Laura has a Masters of Science in Food Science and Human Nutrition and has taught college Science.
Juror 12 Background
How would you feel if you were chosen to be on jury duty for a murder case? How would you like to make that decision of life or death for another person? Would you fight for justice and ensure there were no prejudices? Juror 12 just wants to get out of court as quickly as possible.
Juror 12 works for a marketing agency. He doesn't really understand people; instead what makes the most sense to him are graphs and figures. All that he really cares about is getting a decision made and getting out of the room. He doesn't pay much attention to the discussions and is doodling through the entire proceedings.
Sometimes this attitude leads him to act as a peacemaker, trying to stop fights so that they can get back to the business at hand. It also leads him to change his opinion frequently, seemingly to whichever vote seems to get them out of there quickly.
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Juror 12 as Peacemaker
When the first vote is taken and Juror 8 gives the verdict ''not guilty,'' this causes everyone to start lashing out at Juror 8 wondering how he could possibly think he is not guilty. All of the facts seem to point to this boy's guilt. Yet he, Juror 8, votes not guilty. It soon becomes obvious that they aren't getting anywhere.
Juror 12 doesn't participate in this heated discussion. The most he ever adds to the debate are comments such as ''If you look at the graphs...'' As a marketing agent, graphs and figures are typically how he makes decisions. He doesn't need to think about how people react; instead he makes decisions based on what the figures tell him. This is the same way that he decides to go about making the decision of guilty or not guilty.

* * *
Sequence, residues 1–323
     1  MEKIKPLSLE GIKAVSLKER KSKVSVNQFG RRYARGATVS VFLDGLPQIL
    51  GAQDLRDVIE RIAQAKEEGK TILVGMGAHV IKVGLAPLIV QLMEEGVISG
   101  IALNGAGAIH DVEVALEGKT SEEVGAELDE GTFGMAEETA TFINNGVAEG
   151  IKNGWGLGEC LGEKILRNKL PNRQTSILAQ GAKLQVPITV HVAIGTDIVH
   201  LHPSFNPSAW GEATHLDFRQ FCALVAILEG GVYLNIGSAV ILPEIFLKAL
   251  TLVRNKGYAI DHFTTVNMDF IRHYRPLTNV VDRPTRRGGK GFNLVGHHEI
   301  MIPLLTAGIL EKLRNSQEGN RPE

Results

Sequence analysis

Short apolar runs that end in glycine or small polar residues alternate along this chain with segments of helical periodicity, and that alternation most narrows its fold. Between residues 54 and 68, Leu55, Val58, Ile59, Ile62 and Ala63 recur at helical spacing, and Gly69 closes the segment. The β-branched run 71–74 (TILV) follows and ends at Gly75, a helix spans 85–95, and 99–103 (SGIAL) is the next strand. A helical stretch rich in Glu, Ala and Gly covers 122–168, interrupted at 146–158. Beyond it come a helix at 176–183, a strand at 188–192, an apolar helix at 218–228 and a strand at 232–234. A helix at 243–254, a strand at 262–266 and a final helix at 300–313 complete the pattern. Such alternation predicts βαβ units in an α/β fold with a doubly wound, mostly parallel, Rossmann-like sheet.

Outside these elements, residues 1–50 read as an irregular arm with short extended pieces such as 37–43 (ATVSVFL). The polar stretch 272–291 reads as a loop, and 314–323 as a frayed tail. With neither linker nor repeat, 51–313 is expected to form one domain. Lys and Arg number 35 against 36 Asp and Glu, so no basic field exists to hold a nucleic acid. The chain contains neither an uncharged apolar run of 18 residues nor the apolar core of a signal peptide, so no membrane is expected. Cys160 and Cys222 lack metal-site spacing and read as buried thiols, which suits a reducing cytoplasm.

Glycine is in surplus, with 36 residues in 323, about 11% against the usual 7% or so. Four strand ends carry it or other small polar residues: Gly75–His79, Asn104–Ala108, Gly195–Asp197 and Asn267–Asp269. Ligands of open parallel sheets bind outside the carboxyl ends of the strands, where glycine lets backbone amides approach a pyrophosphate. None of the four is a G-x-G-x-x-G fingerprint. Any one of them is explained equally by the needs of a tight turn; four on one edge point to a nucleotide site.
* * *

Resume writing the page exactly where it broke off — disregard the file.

Juror 12 is doodling through the debate and doesn't even say anything until someone directly asks him what he's doing. Then Juror 12 finally gives his first idea to try and lead to a quicker decision and more peace. He says, ''Maybe if we each took a minute or two'' to convince Juror 8 that he is wrong and they are all right. He is trying to put some order and find a way to efficiently convince Juror 8 to vote guilty.
This seems to be a good idea, and so they proceed. Yet it still leads to disagreements and arguments. Juror 12 doesn't say much, except when they seem to be getting too far off topic. He makes sure everyone knows whose turn it is in the ''two-minute convincing'' in order to keep things moving forward.
When things start getting too heated, he always attempts to ease the situation. This could be because he doesn't like disagreements or simply because he knows that the longer they argue the longer the process will take.
Juror 12 Is Wishy-Washy
Juror 12 votes ''guilty'' for the first few votes. Yet we never really hear his reasoning as to why he believes the boy is guilty. He mentions facts and figures, but he never goes into detail for his reasoning. Once the vote starts looking more even, we really start seeing him become wishy-washy. He even changes his vote mid-vote.
In the end he votes ''not guilty'' with everyone else. Yet, we never really know if he actually thinks the boy is not guilty or guilty or if he is just voting along with everyone else.
This wishy-washy nature of Juror 12 really makes us realize that he doesn't care about this case. He might think it's interesting, but he does not ever take his role seriously, which involves holding this boy's life in his hands.
Juror 12 doesn't play a big role in 12 Angry Men and speaks very little. Yet his wishy-washy nature says a lot about how we might view sentencing others. Do we really care about how we sentence other people, or do we simply do whatever seems easiest at the moment?
In 12 Angry Men, Juror 12 can serve as peacemaker but seems to just not care about the life that they could be setting free or sentencing to death. He goes along with the flow in order to get done with the deliberations as quickly as possible. Even his attempts at peacemaking seem to be more of an attempt to be done sooner. His job as a marketing agent leads him to make decisions based solely on graphs and figures. When the debate leads more to a personal note, he does not have anything to add.
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Juror 12 in 12 Angry Men: Character Analysis
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